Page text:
1. Smith & Wesson Bullseye Throwing Products

Smith & Wesson has a whole selection of sharpened steel objects to throw that are available for your perusal. Given their experience with making knives, you can be sure that you are going to be getting your money’s worth with any pick from this selection.

If you are a beginner thrower these sets will absolutely be a great value buy for you. With the quality and design of these knives, they will carry you pretty far into the knife-throwing world.

The Smith & Wesson Bullseye products include:

  • 8” throwing knives
  • 8” black throwing knives
  • 10” inch throwing knives
  • 10” inch throwing cleaves
  • 10” throwing axes

Each of these knives comes in a set of three with a nylon sheath that can hold the whole set of three. While these are minimalistic products, being completely steel with no sheath, they do have hole placement available so you can wrap them in 550 cord if you’d like.

The weight of both the 8” and 10” knives is superb, at a solid pound and a half you will be landing very satisfying sticks and will be sure to get some great distance out of them.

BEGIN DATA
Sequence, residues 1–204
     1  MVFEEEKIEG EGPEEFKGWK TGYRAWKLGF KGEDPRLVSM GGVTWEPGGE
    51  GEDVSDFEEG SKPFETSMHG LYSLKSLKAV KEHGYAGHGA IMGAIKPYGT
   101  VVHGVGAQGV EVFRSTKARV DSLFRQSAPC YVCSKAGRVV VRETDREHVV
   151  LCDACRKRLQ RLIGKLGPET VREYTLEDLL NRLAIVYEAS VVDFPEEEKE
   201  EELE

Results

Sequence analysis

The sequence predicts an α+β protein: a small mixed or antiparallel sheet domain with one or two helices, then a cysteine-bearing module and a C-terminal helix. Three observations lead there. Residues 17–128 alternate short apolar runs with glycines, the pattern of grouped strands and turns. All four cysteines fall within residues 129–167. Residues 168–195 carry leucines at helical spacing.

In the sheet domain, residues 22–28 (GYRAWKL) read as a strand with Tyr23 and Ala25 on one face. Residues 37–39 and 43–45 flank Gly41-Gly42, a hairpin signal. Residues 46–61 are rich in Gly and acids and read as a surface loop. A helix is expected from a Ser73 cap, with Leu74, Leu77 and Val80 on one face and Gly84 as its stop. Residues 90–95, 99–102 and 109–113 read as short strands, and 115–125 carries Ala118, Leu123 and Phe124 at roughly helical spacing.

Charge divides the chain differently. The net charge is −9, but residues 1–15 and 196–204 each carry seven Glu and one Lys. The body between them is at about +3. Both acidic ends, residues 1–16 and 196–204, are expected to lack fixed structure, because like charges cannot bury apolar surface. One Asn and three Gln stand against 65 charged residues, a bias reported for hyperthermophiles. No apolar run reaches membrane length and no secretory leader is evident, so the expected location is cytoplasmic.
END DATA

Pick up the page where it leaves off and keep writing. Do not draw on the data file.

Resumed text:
These throwing knives are the real deal.

If you don’t like the knives, you can always give one of those axes a swing.

2. Cold Steel 12” Black Professional Throwing Knives

If you are looking for something a bit more sizable and capable of being thrown further, then check out this 3 pack from Cold Steel of 12” throwing knives. Each of these knives weighs a little over a pound at 17 ounces.

Not quite as heavy as the above Smith & Wesson products, but heavy enough.

Being this hefty means that you are going to deal with very few issues from any wind, cross breeze, or otherwise. These knives are made from 1055 carbon steel and a durable weather-resistant black coating, ensuring that you will be throwing them for years to come.

Each knife also comes with a lanyard hole punched into the pommel of the blades, giving you a prime location to attach a lanyard for easy carrying.

3. SOG Fling Classic

The SOG Fling Classic set of throwing knives are made for throw often and hard being made from durable 3CR13 stainless steel. The knives have a broad spearhead edge giving you a larger cutting surface for landing your throws.